Recruitment is not just carried out to meet immediate vacancies but should be seen as part of an overall organisational strategy for resourcing personnel. See if you can discuss the job role with involved departments, managers, colleagues, leaving job holder etc., to get the whole picture.
If the job title does not explicitly describe the job function, then use a strapline to do so. You may have to work a lot with the job title, so that it is not obscure and doesn't convey what the job function is.
Also try to incorporate something new, innovative, exciting, challenging in the role - people are attracted to new things
More on financial consequences of hiring the wrong person:
Avoid Costly Hiring Mistakes by Improving Selection Performance
The job description must be in line with reality. In the eyes of the new candidate, and the colleagues, the official job advert remains the most important document for the job role (together with the contract). So you must take it seriously, otherwise you might put performance of the new professional at risk.
In other words your choice of wording is important: too complex and you could give the impression of inaccessibility, too lightweight and you may lose credibility. Ask colleagues to compare your proposed wording with their experiences of the company and the job.
An instrument to control the amount of applications is the job requirements. The more specific your job requirement list, the fewer, better targeted responses you are likely to receive.
Writing a goal oriented job description will attract potential candidates who want to grow within the position, and learn how to make larger contributions to your organisation. See the difference between these two phrases:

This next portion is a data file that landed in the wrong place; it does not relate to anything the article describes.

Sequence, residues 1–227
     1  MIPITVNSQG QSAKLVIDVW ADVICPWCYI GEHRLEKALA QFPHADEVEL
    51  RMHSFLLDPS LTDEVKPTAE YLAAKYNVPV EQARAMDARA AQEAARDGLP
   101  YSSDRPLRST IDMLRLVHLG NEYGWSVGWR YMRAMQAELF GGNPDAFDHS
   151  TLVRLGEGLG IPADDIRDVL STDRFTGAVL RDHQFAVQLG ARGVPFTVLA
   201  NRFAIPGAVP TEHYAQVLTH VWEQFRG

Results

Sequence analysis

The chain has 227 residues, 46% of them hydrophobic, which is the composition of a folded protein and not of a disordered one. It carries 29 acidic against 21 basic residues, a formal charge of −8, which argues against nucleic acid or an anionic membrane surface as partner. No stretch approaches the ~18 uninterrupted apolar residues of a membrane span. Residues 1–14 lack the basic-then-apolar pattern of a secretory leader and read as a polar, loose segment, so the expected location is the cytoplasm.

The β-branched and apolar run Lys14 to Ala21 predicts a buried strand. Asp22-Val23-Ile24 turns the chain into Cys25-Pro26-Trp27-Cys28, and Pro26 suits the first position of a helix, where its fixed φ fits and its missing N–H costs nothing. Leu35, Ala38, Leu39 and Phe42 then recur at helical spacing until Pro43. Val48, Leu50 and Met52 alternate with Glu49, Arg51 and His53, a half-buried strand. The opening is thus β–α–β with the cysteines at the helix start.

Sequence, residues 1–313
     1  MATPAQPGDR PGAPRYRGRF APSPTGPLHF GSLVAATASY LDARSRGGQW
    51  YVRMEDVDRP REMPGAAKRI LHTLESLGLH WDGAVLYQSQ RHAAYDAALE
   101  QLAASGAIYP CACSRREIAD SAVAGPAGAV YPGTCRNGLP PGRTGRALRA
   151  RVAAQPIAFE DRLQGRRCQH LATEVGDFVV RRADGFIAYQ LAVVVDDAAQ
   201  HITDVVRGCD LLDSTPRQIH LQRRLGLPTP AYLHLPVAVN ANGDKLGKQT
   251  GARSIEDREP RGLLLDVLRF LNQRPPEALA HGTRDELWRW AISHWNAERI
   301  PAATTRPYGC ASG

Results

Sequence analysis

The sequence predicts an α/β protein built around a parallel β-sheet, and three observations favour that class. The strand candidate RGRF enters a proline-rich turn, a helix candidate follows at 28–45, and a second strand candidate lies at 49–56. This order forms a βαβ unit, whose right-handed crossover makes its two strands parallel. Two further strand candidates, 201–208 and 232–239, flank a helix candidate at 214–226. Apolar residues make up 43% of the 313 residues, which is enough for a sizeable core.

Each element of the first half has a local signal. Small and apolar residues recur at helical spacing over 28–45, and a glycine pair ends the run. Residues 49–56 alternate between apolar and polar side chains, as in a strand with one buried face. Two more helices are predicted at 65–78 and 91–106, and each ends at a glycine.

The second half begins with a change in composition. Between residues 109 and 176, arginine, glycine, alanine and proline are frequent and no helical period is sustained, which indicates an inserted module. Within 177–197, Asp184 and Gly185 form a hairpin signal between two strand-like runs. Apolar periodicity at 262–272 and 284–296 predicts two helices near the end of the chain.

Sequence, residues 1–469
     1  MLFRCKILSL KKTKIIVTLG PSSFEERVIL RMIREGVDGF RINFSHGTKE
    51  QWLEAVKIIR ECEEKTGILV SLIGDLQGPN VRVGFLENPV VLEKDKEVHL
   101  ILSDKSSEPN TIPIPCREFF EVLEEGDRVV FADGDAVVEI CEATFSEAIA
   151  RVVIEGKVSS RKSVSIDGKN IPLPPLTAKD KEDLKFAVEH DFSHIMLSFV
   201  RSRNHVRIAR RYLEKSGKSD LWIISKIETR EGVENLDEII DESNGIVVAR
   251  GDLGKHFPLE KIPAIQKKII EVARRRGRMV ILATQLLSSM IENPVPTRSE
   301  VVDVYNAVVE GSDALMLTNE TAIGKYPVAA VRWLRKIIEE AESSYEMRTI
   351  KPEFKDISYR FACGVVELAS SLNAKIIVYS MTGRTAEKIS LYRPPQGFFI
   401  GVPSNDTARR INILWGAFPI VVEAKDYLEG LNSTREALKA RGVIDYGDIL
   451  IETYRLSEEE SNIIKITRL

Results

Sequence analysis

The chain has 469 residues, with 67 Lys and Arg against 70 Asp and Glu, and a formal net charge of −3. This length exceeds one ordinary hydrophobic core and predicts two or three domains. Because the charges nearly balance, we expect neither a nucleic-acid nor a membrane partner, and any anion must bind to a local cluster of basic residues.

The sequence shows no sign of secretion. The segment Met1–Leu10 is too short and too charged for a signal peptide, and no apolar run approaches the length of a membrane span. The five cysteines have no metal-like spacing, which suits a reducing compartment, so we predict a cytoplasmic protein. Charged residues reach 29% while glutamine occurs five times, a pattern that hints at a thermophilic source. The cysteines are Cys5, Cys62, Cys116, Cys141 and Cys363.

In the same way, clearly defined job role objectives will, instead of a list of job responsibilities, turn focus more towards the personal qualities than the skills. This is critical for high responsibility jobs. But perhaps to be avoided in more administrative functions.
Build a mental picture of the sort of person you, and the team, see fitting in. Write as if you were speaking to your imaginary candidate. Use language that your reader uses, and describe the job as practically as possible. Refer to the reader as 'you' and use the second person ('you', 'your' and 'yours' etc) in the description of requirements and expectations. It gets the reader involved.
The job description should be as practical as possible. Make it short. Cut down on formalities (and explain them later to the candidate). Try to omit any unnecessary articles such as "a", "an" and "the". Mark for example the difference between these two:
Remember that there is a major difference between an online ad and print version. Online job boards force users to read much more from top and downwards. Therefore the job ad must quickly get to the point. If it doesn't grab attention, the race is lost before it begins.
This advice was taken from www.thomasinternational.net.